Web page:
Both men now say they want to follow the example of countries such as Poland and Hungary since 1989 and transform Serbia into a free-market democracy. Mr Djindjic says he supports political pluralism and a law- based state and would respect the Bosnian peace accord.

Even if the opposition fails to topple Mr Milosevic, its leaders believe they have inflicted irreparable damage on his image. "We have torn off his mask ... to show him as he really is - a small-time Balkan dictator," Mr Djindjic said.

Stephanie first after her public appearance as a woman at Rad Fest 2014

Arts and Entertainment
Banksy's 'The Girl with the Pierced Eardrum' in Bristol
art'Girl with the Pierced Eardrum' followed hoax reports artist had been arrested and unveiled
Oscar Pistorius is led out of court in Pretoria. Pistorius received a five-year prison sentence for culpable homicide by judge Thokozile Masipais for the killing of his girlfriend Reeva Steenkamp
voicesThokozile Masipa simply had no choice but to jail the athlete
Life and Style

Board creates magnetic field to achieve lift

Have you tried new the Independent Digital Edition apps?
ebooksAn unforgettable anthology of contemporary reportage
Arts and Entertainment
James Blunt's debut album Back to Bedlam shot him to fame in 2004

Singer says the track was 'force-fed down people's throats'


Endangered species spotted in a creek in the Qinling mountains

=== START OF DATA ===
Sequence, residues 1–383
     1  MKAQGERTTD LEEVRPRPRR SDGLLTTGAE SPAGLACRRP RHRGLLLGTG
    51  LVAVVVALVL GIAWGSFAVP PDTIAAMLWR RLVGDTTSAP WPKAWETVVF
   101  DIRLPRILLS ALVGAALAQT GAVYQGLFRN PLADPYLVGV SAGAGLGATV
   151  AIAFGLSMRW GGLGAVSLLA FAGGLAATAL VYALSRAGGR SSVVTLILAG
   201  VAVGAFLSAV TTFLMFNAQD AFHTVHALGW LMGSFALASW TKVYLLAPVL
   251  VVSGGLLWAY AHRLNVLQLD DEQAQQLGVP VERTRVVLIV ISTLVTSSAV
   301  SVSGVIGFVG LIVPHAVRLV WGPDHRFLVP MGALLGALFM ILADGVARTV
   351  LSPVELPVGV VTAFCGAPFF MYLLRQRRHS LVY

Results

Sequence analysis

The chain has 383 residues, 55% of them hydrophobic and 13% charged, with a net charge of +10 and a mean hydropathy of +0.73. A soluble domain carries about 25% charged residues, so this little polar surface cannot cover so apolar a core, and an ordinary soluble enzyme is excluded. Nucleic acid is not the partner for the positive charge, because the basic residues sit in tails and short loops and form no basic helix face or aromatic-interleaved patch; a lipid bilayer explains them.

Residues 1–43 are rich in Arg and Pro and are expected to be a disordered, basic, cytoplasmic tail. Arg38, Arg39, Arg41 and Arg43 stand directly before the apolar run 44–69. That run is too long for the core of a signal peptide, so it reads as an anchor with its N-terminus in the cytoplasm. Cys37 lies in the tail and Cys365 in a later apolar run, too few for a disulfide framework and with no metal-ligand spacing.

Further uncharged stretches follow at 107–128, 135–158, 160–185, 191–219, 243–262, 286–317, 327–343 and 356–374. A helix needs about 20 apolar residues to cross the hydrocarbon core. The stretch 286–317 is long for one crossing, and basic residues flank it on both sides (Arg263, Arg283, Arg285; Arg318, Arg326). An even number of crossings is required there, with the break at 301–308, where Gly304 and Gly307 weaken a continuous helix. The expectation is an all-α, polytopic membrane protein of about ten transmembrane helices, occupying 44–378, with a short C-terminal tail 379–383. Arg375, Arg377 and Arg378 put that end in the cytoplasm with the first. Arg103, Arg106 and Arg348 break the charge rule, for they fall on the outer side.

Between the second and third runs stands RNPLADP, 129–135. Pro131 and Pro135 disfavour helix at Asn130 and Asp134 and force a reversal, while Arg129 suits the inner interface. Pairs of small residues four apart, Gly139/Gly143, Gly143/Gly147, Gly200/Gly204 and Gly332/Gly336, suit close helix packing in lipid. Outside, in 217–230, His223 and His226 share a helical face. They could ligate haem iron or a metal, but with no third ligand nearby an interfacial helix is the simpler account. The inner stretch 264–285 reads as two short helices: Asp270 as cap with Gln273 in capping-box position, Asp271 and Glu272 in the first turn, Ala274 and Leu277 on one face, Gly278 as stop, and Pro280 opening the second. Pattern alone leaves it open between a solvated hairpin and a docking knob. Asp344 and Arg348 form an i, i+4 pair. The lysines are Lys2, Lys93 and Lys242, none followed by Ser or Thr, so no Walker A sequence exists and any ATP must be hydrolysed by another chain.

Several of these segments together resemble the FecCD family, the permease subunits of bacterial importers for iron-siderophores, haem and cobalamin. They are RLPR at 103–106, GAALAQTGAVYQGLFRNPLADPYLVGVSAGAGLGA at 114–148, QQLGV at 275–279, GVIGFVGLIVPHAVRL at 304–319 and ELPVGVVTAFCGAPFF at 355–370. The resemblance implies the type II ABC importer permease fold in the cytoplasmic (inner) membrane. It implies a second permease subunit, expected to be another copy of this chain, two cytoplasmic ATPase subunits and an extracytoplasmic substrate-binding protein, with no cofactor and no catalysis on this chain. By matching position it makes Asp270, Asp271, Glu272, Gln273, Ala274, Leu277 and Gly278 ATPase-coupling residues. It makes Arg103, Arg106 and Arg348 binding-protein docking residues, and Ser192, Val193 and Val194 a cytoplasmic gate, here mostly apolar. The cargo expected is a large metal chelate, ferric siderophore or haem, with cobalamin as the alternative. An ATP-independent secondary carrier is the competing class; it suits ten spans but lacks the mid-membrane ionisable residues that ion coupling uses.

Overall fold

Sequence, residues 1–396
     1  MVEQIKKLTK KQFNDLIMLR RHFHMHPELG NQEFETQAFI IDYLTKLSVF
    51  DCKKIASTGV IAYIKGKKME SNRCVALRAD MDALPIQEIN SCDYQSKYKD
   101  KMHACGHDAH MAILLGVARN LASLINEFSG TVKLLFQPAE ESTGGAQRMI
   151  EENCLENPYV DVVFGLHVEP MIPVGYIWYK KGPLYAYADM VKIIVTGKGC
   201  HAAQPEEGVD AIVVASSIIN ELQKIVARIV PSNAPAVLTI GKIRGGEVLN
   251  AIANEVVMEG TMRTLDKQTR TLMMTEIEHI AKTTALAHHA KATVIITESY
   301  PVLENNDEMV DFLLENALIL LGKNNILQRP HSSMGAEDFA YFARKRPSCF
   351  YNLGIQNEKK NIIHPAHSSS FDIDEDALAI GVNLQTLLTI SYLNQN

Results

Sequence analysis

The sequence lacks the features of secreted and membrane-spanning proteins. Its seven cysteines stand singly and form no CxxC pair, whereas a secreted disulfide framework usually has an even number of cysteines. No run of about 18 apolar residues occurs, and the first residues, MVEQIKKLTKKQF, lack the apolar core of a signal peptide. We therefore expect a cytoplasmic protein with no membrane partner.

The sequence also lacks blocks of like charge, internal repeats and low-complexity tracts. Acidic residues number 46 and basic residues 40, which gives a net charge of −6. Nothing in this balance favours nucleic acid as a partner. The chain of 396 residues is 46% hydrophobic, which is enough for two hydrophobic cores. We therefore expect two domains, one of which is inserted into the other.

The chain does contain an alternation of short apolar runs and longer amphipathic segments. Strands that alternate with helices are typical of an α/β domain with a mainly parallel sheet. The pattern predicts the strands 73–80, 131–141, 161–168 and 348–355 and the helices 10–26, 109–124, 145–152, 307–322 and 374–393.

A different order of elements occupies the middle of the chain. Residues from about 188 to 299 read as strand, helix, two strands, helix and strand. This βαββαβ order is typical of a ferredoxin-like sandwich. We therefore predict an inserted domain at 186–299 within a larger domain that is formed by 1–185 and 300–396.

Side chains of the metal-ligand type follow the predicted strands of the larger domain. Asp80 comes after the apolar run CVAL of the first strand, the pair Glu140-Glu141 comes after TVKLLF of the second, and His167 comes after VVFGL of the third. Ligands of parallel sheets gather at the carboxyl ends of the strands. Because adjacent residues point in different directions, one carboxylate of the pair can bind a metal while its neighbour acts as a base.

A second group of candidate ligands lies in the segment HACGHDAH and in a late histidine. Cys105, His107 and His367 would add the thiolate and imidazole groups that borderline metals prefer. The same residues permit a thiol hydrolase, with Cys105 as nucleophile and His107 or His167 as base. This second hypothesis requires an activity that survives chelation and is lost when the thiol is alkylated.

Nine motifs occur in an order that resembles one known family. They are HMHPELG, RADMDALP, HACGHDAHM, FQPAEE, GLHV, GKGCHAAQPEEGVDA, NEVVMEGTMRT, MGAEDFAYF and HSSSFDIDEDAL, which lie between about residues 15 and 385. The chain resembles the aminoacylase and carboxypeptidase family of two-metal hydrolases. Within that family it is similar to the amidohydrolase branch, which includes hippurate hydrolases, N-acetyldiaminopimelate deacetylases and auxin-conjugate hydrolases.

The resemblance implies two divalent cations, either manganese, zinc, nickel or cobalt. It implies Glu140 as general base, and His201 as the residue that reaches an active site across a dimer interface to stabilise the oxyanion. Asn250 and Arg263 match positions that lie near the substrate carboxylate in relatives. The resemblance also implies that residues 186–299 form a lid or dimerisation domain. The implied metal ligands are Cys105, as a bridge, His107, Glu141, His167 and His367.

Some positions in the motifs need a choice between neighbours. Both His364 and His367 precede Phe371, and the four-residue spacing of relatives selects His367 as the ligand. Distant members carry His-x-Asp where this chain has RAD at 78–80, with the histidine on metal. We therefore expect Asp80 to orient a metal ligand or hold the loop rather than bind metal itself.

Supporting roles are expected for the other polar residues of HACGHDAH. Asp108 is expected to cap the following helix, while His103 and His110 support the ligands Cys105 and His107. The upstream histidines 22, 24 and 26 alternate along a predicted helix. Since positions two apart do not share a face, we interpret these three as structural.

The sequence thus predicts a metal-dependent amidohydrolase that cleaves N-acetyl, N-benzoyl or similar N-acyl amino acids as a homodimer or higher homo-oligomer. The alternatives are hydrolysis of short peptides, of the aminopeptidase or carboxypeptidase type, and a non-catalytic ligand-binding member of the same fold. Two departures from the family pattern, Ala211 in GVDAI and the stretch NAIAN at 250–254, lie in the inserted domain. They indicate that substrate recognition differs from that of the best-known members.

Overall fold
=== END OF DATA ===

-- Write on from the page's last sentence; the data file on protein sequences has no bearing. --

Life and Style

Company says data is only collected under 'temporary' identities that are discarded every 15 minutes

peopleJust weeks after he created dress for Alamuddin-Clooney wedding
Life and Style
A street vendor in Mexico City sells Dorilocos, which are topped with carrot, jimaca, cucumber, peanuts, pork rinds, spices and hot sauce
food + drink

Trend which requires crisps, a fork and a strong stomach is sweeping Mexico's streets

Arts and Entertainment
George Lucas poses with a group of Star Wars-inspired Disney characters at Disney's Hollywood Studios in 2010

George Lucas criticises the major Hollywood film studios

football West Brom vs Man Utd match report: Blind grabs point, but away form a problem for Van Gaal
Life and Style

Some experiencing postnatal depression don't realise there is a problem. What can be done?

Arts and Entertainment
Gotham is coming to UK shores this autumn
tvGotham, episode 2, review
Latest stories from i100
Have you tried new the Independent Digital Edition apps?
Independent Dating

By clicking 'Search' you
are agreeing to our
Terms of Use.

iJobs Job Widget
iJobs General

Primary Teacher Jobs in Blackpool

Negotiable: Randstad Education Preston: Primary Teacher Jobs in BlackpoolWe ar...

Health & Social Teacher

Competitive & Flexible : Randstad Education Cambridge: The JobRandstad Educati...

***SEN British Sign Language Teacher***

£60 - £70 per day: Randstad Education Preston: Successful candidate should hav...

Early Years and Foundation Stage Primary Teachers in Blackpool

Negotiable: Randstad Education Preston: Early Years and Foundation Stage Prima...

Day In a Page

Two super-sized ships have cruised into British waters, but how big can these behemoths get?